The mid set, much like the opening, was reserved but full of hits; "Handle With Care" received the largest applause. The Traveling Wilbury's tune has gone on to have a second life since Petty started playing it live in late 2002. It has gone from cult classic to full-blown stadium anthem. The Animals cover, "I'm Crying" fit in so well that if Petty had not introduced it as belonging to The Animals, most of the 30,000 in attendance would have mistaken it for a Petty original. The crowd even ingested two album cuts with open arms, Wildflowers and Crawling Back To You. This all led into a leisurely acoustic "Learning To Fly" which led it's way up to the big grand finale; "Don't Come Around Here No More", "Refugee", "Runnin' Down a Dream", "You Wreck Me" and "American Girl". This last sequence of songs was the topper the audience paid their hard earned dollars to see and hear. Somehow Petty managed to poise his set beautifully shifting between hits, album cuts, new songs and covers. This finale onslaught of hits pushed the sold out crowd to a level of delirium I have not witnessed in a crowd this vast in years. In fact the last time I witnessed a crowd this significant was for Jimmy Buffet at the same venue two years earlier.
Tom Petty & The Heartbreakers substantiate to me and the 30,000 in attendance it takes very little to satisfy a rock 'n roll fan. Petty has never had a number one album or song, yet somehow, over the years he has helped cultivate one of the preeminent catalogs in all of rock 'n roll. How many acts who have debuted in the last five years will still be around twenty-years from now continually churning out great songs and concerts? That remains to be seen, but until that day comes, Petty stands at the head of the heap, which includes Springsteen and Mellencamp as rock's strongest survivors and most relevant figures whose catalogs speak for themselves. Tom Petty may be beyond a point in life where he will ever be on the cover of Rolling Stone magazine or even have a video on MTV ever again, but none of that matters when droves of people fork over money to see you in concert. They are not paying to see one or two songs, but they are paying to see a full-fledged Tom Petty & The Heartbreakers show. His respect for his fans is unparalleled and is the number one reason why he is having what may be his highest grossing and highest attended concert tour ever.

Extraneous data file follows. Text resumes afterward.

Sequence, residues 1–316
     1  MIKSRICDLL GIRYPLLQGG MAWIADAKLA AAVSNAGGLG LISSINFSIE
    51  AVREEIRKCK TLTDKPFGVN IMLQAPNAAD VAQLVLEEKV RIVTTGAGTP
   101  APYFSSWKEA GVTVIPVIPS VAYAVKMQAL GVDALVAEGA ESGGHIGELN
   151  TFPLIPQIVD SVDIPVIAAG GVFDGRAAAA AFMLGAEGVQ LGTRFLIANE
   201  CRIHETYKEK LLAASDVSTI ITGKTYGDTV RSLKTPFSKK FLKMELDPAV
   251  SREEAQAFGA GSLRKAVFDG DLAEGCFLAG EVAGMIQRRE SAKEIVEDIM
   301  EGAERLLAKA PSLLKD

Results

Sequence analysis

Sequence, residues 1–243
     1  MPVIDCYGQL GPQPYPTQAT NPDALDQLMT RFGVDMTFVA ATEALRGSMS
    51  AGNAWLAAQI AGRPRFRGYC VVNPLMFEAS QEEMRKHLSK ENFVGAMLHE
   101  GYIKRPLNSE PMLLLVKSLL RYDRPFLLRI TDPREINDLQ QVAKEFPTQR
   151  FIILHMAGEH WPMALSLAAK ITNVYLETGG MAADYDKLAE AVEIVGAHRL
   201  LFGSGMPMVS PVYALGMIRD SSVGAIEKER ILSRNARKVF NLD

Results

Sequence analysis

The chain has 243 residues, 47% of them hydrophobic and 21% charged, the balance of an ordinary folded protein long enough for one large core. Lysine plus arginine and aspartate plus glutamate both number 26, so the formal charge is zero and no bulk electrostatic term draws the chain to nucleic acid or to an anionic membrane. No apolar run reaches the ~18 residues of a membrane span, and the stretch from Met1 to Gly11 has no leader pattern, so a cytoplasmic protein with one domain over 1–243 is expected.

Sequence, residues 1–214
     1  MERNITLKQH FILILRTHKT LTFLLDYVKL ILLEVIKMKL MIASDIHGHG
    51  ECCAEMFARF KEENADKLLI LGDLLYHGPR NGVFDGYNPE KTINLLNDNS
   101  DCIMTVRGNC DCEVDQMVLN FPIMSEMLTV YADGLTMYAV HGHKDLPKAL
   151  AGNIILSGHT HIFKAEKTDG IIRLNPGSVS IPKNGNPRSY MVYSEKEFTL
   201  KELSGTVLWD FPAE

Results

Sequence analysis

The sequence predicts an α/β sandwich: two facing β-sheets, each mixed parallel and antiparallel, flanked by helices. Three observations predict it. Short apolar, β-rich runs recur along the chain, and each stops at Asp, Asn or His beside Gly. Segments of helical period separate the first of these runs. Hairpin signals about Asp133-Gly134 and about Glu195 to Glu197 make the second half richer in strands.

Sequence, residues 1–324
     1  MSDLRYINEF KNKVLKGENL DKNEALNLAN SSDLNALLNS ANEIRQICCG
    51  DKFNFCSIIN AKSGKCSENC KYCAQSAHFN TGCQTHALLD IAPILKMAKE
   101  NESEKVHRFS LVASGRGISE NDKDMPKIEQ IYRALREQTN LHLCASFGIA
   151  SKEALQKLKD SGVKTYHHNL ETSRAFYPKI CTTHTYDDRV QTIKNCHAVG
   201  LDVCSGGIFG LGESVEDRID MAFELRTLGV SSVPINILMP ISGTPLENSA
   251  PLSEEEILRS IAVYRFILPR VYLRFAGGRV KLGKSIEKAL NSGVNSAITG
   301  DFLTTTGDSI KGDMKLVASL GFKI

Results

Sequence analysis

Like a refugee riding into the dark night after each show riding down the kings highway, taking their show from town to town...Tom Petty & The Heartbreakers is showing three generations of fans what is possible with a few chords and the truth. In a marketplace that thrives on glitz and glamour good fortune has come their way by simply delivering solid sets of authentic rock 'n roll. A few summers back I swore to never attend another amphitheater show ever again, but Tom Petty once again proved me wrong showing that even in an uncomfortable venue, it's not the arena that matters, but the band and their songs that are performed within. I look forward to seeing them again; however, the waiting will be the hardest part.
I await the day
Good fortune comes our way
And we ride down the Kings Highway
-Kings Highway 1991